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While the area has been inhabited for at least 4000 years, it was in the 18th century that Vinh came to prominence. Leaders of the Tay Son rebellion aimed to set up ‘Phoenix Capital City’ here during their short-lived rule. In 1930 it was the site of a brutally suppressed May Day demonstration, where police fired on marchers, killing seven. Revolutionary fervour spread, with Vinh’s various Communist cells, trade unions and farmers’ organisations earning it the appellation ‘Red-Glorious City’.

From a pleasant citadel city, it was reduced to rubble in the early 1950s as a result of French aerial bombing and the Viet Minh’s scorched-earth policy. Later, a huge fire finished off anything that was left standing.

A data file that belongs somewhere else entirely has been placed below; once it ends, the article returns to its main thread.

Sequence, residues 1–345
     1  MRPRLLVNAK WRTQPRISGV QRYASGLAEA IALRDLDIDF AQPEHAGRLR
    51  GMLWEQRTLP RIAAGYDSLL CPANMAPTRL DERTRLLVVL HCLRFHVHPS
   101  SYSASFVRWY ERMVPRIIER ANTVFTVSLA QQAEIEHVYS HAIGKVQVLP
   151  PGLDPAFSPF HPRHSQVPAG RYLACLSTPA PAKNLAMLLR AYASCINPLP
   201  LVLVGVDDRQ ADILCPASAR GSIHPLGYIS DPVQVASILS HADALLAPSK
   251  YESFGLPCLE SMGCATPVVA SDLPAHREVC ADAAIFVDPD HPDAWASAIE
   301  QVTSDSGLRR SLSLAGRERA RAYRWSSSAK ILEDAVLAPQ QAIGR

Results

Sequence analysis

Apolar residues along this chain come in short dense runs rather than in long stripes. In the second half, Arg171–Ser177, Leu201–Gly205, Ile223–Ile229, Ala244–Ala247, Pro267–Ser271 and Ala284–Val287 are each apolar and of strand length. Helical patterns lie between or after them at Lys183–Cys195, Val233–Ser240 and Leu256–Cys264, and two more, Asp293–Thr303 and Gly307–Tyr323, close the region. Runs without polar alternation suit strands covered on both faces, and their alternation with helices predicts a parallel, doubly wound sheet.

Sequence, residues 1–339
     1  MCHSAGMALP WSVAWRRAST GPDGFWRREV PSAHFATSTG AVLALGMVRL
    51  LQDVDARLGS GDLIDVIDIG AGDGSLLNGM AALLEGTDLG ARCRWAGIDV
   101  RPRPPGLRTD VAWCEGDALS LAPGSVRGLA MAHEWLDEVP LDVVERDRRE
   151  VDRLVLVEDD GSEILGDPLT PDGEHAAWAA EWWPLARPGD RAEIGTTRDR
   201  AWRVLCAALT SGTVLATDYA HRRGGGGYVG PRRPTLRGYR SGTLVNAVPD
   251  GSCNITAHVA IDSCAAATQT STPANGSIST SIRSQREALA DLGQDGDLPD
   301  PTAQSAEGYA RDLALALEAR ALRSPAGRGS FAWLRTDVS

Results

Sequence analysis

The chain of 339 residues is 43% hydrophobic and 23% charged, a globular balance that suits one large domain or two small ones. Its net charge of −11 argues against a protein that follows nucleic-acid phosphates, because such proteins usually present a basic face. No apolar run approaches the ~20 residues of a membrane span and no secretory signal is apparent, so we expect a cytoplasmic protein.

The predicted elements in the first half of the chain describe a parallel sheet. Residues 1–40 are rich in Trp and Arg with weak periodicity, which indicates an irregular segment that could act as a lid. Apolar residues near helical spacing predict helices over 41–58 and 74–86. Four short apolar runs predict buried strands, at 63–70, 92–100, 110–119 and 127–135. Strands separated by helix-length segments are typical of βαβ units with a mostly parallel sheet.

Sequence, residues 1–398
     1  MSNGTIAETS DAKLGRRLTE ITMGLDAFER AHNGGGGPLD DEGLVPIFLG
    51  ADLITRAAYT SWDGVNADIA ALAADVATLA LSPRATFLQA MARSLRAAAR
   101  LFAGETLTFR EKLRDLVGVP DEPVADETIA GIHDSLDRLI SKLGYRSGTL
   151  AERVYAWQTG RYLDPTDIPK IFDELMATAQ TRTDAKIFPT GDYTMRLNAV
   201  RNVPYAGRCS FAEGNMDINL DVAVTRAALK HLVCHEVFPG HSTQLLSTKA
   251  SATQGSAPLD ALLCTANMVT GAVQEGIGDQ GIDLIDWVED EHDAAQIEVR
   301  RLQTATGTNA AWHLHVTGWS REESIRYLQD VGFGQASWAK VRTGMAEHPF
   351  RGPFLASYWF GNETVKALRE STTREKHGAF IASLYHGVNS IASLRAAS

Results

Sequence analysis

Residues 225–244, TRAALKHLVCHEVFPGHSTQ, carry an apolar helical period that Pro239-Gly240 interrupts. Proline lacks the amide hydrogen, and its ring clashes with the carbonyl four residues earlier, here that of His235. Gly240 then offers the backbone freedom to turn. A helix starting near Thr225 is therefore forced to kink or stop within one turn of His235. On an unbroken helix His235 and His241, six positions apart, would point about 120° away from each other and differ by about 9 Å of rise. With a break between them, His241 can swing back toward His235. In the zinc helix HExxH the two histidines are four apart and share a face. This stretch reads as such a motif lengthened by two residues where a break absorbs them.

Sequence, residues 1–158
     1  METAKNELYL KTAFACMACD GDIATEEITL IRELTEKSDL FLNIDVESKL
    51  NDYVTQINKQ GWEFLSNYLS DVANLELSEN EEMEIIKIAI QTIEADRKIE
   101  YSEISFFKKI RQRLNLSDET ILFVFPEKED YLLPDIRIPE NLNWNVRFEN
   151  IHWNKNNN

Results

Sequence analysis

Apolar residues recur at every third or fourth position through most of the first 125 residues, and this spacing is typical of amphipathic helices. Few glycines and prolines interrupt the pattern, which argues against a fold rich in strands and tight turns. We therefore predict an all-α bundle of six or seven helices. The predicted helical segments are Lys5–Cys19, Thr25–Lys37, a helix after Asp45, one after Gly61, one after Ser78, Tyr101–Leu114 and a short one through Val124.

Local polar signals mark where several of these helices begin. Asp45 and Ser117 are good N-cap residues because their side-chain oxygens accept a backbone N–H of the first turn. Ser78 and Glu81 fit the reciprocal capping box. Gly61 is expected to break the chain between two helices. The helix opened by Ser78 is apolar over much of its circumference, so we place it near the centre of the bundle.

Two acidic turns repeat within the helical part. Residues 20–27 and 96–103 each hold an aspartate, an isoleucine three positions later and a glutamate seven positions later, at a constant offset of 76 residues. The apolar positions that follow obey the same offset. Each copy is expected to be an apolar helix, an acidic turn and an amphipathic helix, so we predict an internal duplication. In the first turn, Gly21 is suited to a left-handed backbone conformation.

The Ho Chi Minh Trail began in Nghe An province, and many of the war supplies sent south were shipped via the port of Vinh. The US military’s response was to once again obliterate the city in hundreds of bombardments from 1964 to 1972, which left only two buildings intact. Casualties were high on both sides – more US aircraft and pilots were shot down over Nghe An and Ha Tinh provinces than over any other part of North Vietnam. The heavy loss of planes and pilots was one reason why the USA later brought in battleships to pound North Vietnam from a distance.